Health and council chiefs have launched a major drive to help people in need of care live independently at home.
B&NES health and care board, comprising members of the local authority and the CCG, has agreed to transform the way it commissions services to try to retain workers, who are leaving the profession in their droves, and save money.
Existing long-term contracts with providers expired last year and they will now be invited to join a “framework” through an accreditation scheme to bid for work and encouraged to suggest new and innovative care packages while involving patients in decisions.
One of the main aims is to free up capacity in the local homecare market by being more flexible while reducing overall demand, an ambition that will become increasingly difficult to achieve over the next decade with an ageing population.
A report to the board said between 2016 and 2029, the number of over-75s in B&NES is set to rocket by 36 per cent, from 16,600 to 22,600, while residents aged 90 and over will increase from 2,000 to 2,500.
Despite the projected extra demand for care, the papers said the council’s adult social care budget was being cut by £2.3million in 2019/20.
The new framework will encourage homecare which is “more flexible in terms of visit times, approach to variations and payments”, similar to that in a care home where the fluctuating needs of residents is managed on a day-to-day basis.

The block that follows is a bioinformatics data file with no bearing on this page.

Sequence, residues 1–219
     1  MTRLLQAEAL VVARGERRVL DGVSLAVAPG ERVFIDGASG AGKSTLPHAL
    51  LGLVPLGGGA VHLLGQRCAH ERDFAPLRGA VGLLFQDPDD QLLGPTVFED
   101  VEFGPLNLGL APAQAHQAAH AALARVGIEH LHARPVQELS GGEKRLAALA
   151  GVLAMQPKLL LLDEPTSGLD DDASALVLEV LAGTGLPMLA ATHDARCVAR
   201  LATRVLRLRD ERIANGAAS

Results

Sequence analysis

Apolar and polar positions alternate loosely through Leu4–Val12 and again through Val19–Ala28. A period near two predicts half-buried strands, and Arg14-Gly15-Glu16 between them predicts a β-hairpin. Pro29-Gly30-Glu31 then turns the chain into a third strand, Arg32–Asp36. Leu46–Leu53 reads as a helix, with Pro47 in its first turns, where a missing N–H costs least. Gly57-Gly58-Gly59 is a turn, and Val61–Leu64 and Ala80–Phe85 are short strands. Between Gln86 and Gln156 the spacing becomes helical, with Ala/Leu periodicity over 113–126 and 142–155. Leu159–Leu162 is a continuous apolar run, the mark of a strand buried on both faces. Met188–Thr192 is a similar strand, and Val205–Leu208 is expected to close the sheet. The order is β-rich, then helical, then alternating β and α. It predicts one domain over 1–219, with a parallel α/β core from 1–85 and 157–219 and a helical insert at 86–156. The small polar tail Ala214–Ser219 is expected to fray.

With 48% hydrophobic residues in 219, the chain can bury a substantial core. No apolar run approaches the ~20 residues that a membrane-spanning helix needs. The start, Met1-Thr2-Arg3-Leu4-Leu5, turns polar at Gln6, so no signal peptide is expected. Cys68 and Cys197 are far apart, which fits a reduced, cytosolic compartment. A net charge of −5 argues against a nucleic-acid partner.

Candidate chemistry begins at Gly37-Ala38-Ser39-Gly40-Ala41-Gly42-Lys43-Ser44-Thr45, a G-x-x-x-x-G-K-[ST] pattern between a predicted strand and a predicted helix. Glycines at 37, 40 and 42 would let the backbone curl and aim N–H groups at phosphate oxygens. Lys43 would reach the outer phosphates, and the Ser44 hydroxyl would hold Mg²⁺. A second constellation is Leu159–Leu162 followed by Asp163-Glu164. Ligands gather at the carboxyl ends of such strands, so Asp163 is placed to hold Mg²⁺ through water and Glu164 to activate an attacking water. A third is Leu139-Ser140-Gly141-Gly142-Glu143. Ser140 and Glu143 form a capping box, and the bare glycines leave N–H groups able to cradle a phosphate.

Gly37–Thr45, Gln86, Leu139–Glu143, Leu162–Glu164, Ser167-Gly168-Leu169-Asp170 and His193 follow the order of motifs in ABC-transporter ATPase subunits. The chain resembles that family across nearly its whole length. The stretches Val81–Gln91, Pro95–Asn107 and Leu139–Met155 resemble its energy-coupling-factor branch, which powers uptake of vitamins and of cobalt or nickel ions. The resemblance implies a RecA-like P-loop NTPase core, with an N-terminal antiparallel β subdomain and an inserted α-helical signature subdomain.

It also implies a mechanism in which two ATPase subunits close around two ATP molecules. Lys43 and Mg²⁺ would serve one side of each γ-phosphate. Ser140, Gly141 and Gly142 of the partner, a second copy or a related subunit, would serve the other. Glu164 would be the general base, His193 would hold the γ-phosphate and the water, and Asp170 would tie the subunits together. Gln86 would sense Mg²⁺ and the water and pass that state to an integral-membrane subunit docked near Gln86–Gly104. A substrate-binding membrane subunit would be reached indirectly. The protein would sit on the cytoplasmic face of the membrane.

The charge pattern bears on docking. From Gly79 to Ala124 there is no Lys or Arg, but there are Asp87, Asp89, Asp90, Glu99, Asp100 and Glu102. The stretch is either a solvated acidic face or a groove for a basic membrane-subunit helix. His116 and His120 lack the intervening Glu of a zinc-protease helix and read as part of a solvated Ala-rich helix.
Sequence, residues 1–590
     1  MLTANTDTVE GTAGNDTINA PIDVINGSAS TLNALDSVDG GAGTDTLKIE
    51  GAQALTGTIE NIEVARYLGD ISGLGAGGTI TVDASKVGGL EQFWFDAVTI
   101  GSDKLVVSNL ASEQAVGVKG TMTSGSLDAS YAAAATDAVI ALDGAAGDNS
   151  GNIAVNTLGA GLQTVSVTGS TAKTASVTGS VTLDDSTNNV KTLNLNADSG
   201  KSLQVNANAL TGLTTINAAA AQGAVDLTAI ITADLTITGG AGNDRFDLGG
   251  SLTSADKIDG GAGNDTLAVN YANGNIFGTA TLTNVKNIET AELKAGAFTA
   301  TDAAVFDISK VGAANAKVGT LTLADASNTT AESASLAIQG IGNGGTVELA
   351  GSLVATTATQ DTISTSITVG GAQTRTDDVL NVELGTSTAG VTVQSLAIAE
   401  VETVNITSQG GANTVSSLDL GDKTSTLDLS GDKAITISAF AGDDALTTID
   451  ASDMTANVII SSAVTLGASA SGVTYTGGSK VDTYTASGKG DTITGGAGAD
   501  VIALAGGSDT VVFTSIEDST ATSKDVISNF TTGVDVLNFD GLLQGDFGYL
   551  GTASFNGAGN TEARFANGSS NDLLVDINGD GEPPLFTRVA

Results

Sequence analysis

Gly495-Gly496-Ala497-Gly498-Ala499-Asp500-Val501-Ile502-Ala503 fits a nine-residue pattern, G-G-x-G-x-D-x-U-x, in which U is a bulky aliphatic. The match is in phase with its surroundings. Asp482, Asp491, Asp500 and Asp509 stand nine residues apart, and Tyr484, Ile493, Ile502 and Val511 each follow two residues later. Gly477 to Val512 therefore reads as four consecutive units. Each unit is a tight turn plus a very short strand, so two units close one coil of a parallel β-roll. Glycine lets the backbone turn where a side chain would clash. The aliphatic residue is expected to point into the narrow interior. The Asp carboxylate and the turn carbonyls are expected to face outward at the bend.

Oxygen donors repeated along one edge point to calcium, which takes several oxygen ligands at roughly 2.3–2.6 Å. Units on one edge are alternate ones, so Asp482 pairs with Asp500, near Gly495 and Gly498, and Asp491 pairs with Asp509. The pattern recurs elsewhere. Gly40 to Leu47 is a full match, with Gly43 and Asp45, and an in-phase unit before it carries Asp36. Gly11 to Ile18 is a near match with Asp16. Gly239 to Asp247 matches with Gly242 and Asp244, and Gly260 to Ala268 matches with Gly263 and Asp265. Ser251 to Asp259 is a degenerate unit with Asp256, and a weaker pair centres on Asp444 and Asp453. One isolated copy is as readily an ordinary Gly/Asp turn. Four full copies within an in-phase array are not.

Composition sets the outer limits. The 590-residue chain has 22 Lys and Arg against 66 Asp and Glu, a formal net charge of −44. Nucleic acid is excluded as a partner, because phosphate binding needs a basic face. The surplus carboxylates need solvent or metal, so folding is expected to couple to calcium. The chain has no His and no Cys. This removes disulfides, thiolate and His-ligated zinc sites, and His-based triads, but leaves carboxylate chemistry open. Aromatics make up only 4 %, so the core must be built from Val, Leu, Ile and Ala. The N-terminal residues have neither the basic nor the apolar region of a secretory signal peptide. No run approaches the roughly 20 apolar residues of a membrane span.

“Exploring new ways of supporting people to live independently can deliver better outcomes for people than ‘traditional’ homecare,” the report said.
“‘Time & task’ homecare still has a role to play, but emerging practice shows there is potential for this to be provided more flexibly and hence more efficiently.
“Providers and carers groups in particular supported this approach.
“The framework is also intended to improve market competition and create a ‘test & learn’ environment in which to pilot and nurture innovative ways to support independence at home.”
It added that the South West’s homecare market had the highest vacancy rates (10.2 per cent) and staff turnover (37 per cent) in England.
B&NES Council corporate director Mike Bowden told the board on Tuesday, June 4: “Homecare is a crucial component to support people to live independently at home. It is quite a fragile market.
“We want to ensure we are balancing getting the best outcomes for our residents and our patients and also ensuring the best value for money in the wider sense.
“We had a series of contracts in place with strategic providers for quite a number of years and they have now expired and we need to put something new in their place.”
He said the framework should be up and running by November, with interim arrangements with providers continuing until then.
Health and care board chairman Dr Ian Orpen said: “It is quite a significant change in the way this is delivered.
“The key thing behind this is the recognition that the traditional model of delivering care at home is not necessarily always focusing on how people might be able to look after themselves again.
“People living independently at home is clearly a good thing for individuals as well as the wider society.
“It is quite a shift and hopefully the framework will support that.”
Adam Postans, Local Democracy Reporter